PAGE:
feminist-friendly fantasy fiction

Submitted by Katrina

God’s War

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This book is feminist-friendly because:

As it can be gathered from the title, religion is a big theme in this book. As far as I understand, Umayma – the planet where the book takes place – is colonised by Muslims, judging by several mentions of mosques, traditional clothes and set prayer hours. I am not an expert on Theology however, so my sincerest apologies if I am wrong. To Nyxnissa or Nyx, however, religion matters very little. She is a Bel Dame – a lady bounty hunter paid to collect the heads of deserters. And she’s the deadliest of them all – her numerous young lovers can attest to that. She is a citizen of Nasheen, a country where matriarchy prevails and women are the ones participating in violent things that (for some ungodly reason) are still viewed as masculine in our world. Nasheenian ladies show, quite correctly, that “she who fights like a girl” […]

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Submitted by Harley Shaffer

Ange’el

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This book is feminist-friendly because:

This book is a powerful essay on nature versus nurture disguised as a well-accomplished romantic novel. Are our behaviors and traits defined by our genes or by our education and environment? The novel does not answer the question, but it does make a very strong case that every time we blame our genes we limit our potential and excuse bad behavior. An inclusive book with characters that are varied in race, sexual orientation and non stereotypical when it comes to their gender.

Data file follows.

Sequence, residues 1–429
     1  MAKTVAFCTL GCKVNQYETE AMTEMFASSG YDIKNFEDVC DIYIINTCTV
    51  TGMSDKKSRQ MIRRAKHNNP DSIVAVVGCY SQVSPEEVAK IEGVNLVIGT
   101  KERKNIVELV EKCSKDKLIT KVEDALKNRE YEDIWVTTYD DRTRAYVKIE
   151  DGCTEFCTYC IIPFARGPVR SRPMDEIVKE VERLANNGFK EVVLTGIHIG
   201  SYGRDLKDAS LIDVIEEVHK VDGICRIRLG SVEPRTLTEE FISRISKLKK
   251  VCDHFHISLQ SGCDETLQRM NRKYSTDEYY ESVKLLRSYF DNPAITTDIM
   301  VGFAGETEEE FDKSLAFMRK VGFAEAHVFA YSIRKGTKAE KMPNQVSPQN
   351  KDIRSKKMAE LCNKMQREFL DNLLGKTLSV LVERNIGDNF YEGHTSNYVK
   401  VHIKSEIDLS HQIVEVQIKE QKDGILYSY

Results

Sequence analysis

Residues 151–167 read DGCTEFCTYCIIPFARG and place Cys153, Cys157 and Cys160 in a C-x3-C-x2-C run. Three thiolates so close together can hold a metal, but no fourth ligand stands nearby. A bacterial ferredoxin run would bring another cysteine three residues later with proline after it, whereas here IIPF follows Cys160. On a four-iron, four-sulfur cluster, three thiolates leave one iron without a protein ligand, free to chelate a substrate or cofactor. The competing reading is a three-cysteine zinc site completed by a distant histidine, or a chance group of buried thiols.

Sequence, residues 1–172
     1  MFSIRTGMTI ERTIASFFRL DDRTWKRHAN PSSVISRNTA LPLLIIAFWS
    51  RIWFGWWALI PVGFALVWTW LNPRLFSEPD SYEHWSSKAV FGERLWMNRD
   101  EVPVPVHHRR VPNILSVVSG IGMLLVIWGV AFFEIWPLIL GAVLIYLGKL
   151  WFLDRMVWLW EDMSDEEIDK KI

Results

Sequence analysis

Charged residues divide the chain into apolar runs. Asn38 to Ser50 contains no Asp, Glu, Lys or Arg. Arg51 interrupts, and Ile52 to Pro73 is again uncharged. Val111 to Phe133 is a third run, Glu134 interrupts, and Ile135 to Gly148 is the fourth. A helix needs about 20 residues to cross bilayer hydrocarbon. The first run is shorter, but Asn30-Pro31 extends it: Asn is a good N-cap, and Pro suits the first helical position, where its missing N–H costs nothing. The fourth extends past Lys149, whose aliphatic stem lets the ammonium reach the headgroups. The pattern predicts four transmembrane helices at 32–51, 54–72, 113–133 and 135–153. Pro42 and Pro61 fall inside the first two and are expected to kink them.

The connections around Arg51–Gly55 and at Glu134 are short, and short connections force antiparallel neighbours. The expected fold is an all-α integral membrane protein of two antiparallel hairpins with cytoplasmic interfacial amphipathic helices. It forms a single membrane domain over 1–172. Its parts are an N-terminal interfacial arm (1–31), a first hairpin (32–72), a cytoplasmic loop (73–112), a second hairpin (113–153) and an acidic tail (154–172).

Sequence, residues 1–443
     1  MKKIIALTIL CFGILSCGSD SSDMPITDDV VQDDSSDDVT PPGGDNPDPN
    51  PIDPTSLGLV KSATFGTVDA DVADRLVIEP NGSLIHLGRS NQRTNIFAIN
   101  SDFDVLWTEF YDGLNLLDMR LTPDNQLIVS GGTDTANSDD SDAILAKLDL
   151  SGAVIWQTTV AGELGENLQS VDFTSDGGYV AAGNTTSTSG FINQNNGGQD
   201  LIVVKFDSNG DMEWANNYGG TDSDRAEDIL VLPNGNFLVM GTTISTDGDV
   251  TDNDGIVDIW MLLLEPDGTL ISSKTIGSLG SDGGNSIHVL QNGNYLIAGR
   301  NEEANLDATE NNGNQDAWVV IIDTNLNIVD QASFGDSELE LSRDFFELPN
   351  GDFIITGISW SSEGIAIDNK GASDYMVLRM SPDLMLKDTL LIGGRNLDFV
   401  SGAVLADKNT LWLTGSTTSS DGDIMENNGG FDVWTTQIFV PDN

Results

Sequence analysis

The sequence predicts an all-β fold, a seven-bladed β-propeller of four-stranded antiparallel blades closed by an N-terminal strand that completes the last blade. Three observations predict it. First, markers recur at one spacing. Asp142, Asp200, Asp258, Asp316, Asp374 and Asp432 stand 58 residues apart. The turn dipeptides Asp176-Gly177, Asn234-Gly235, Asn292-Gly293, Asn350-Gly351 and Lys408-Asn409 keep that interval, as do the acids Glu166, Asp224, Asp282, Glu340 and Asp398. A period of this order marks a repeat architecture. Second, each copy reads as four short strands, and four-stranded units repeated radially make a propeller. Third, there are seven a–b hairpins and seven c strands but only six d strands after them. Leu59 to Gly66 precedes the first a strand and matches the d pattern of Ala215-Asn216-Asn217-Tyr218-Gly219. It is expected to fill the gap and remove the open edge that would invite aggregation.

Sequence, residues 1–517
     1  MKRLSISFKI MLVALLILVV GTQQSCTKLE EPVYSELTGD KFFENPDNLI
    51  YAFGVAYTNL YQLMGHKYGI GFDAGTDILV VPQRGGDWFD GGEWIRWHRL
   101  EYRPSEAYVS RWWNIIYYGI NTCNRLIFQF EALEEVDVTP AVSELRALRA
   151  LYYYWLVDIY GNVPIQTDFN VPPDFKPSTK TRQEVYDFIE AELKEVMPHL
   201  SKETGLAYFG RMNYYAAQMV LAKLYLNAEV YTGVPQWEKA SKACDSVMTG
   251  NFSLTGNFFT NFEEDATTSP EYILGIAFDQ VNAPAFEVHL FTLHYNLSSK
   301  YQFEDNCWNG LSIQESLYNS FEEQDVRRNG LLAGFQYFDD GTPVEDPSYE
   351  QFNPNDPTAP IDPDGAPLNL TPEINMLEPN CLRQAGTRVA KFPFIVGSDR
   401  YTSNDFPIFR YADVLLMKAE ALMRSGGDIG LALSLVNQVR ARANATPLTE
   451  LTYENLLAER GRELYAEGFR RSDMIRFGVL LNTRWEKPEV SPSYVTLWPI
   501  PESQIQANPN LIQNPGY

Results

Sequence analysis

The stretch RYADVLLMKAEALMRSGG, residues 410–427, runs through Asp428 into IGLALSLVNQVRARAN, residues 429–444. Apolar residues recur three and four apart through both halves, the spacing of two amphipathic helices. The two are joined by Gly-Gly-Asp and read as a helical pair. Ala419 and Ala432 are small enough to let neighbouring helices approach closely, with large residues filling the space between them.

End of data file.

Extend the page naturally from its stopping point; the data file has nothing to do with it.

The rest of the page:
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Submitted by Kat Deuchars

Best Served Cold

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This book is feminist-friendly because:

I would recommend this book to anyone but especially anyone looking for a strong female protagonist, who is an antihero. If you think Brienne of Tarth, Arya Stark and Daenerys are badass, you haven’t seen anything yet. The main character, Monza Murcatto, is a flawed, ruthless and vicious mercenary with a talent for manipulation. And she isn’t the only well-rounded female character. There’s a mother-of-3 torturer, a voraciously hungry poisoner, an almost-magical ninja, a lesbian queen and a spy hiding in the guise of a mistress. The main plot revolves around revenge (as might be guessed from the title) but a lot of time is also dedicated to what makes a good leader, how to be a good person in a violent world and the politics of warring city-states (it’s very reminiscent of Renaissance Italy and Germany). Although homosexuality of both kinds and incest are referred to, the main sexual […]

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Submitted by KeriLynn Engel

Child of a Hidden Sea

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This book is feminist-friendly because:

[The publisher provided me with an ARC of this book via Netgalley in exchange for an honest review.] I LOVED this book- flawless! Sophie Hansa is the perfect example of how a you can have a strong female character who doesn’t literally kick ass. She’s a complex, believable character who develops and grows though the story to be able to face her fears. I love her unique background as a marine videographer and how she uses her education, curiosity, and quick thinking to solves the puzzles the plot presents. The cast of characters includes several well-developed and believable female and male characters, and definitely passes the Bechdel test hands-down. It also has a diverse cast with POC main characters and tackles issues like homophobia. The worldbuilding was also phenomenal, very unique. I loved the city made of a fleet of ships, and Sophie’s questions about the logistics of such a […]

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Submitted by Jeramy Goble

Souls of Astraeus

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This book is feminist-friendly because:

A strong female antagonist and strong female protagonist unknowingly battle over influence on the actions of the main character across all of space and time.

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Submitted by Reena Bhogal